- Category: Video Cards
- Published: Thursday, 22 April 2010 00:00
- Written by Lersar
It wasn't too long ago that multiple displays were considered to be a pure enthusiast sport. Nowadays, with both hardware and software becoming more multi-task friendly, even the average user can find themselves short of desktop area. If you have the luxury of built-in dual outputs on your video card, that's great. But what if you don't or what if you find yourself craving a third what do you do? And what about laptops, for that matter? Diamond Multimedia has developed an adapter to help in all those situations and more, and has sent us one to see for ourselves.
Product Name: Display Adapter Pro
Review Sample Provided by: Diamond Multimedia
Review and Pictures by: Adam
DVI (VGA adapter included)
|Operating Systems:||Windows 2000, XP, Vista, Apple OS X|
|Power mode:||USB Bus-Power|
|Supported Resolutions:||720x400 to 2048x1152|
The USB Display Adapter Pro comes packaged in a simple, rectangular box showcasing a photo of the adapter and a few of it's potential uses. On the side, you'll find a list of requirements, dating back to Windows 2000 up to Windows 7, and compatibility with Mac as well. On the other side, some key features are detailed, as well as a table listing the supported resolutions. Finally, on the back you'll find a few more features as well as a simple diagram to help consumers better understand how it works.
Inside, the adapter rests in a cardboard tray, underneath which are the accessories, which contains a user manual, USB to mini-USB cable, DVI to VGA adapter, and installation CD.
One of the biggest perks of the USB Display Adapter Pro is that it's external, meaning no installation inside your computer. Naturally, that's going to make this area very easy. This is also one of the reasons this product appeals well to laptop users, who don't have the option to install internal hardware.
There are two steps involved here. First, decided whether you'll need DVI or VGA (DVI is default, but an adapter for VGA is included). Simply connect the monitor, and plug the display adapter into an open USB port on your computer.
Next, you'll need to install the driver software, obtainable online or via the install disk included in packaging. There is only one driver available as of publish date, so the included disk holds the most recent version. Though installation is smooth and creates a simple plug-and-play interface, both the drivers from Diamond's website and the included disc did not support Windows 7 64-bit operating system, despite the packaging's compatibility listing.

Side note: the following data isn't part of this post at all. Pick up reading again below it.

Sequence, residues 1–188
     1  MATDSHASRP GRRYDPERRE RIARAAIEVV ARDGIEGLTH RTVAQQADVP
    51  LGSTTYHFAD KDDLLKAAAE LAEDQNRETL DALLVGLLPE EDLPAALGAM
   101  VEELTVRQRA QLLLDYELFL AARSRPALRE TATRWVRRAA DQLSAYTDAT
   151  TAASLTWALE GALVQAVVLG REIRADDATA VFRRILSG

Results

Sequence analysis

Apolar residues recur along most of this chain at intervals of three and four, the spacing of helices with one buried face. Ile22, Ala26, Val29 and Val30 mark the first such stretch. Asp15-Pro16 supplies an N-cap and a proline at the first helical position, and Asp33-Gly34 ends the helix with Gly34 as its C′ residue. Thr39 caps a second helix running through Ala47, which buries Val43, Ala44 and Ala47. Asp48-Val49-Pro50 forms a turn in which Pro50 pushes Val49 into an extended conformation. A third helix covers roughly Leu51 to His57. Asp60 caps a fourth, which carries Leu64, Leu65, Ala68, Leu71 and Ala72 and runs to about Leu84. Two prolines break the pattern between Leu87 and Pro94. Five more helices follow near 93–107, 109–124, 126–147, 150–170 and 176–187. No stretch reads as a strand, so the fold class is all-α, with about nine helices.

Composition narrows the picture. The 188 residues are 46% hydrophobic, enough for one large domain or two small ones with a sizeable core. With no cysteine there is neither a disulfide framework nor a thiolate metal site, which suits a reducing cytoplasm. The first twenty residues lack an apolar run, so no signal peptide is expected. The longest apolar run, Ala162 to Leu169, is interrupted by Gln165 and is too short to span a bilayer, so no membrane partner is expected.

The Display Adapter Pro is widely compatible, working with both flat-screen and CRT monitors and has a supported max resolution of 2048x1152. Using multiple adapters, a total of six displays can be supported on one system, an achievement not otherwise as simple to pull off.
At the time of publish, however, the Adapter Pro does fall extremely short in the operating system realm. Regardless of advertised compatibility with Windows 7, as mentioned drivers from both the CD and online (currently version 1.0), come back with an error message about installing on Windows 7 64-bit. I even tried to run a simple plug-and-play on Windows 7, but this reviewer was simply unable to get the adapter to work.
Installing the adapter on a laptop using Windows Vista, however, works without flaw and the end result was beautiful, experiencing my mobile desktop at 1920x1080 for the first time. Performance is spectacular, with nothing lost between the USB connection.
Though you'll probably want to leave the gaming burden to a dedicated video card, the adapters such as the Display Adapter Pro are unmatched in their convenience in other enthusiast and professional areas. Whether you need to connect an office or simply want to watch Family Guy while you raid, Diamond can hook you up easily in a matter of minutes. However that convenience will come at a price the adapter has an MSRP ranging a bit more than an already steep industry average. Hopefully we'll see an updated driver in the near future for Windows 7 but for the time being Vista is as far as Windows can go.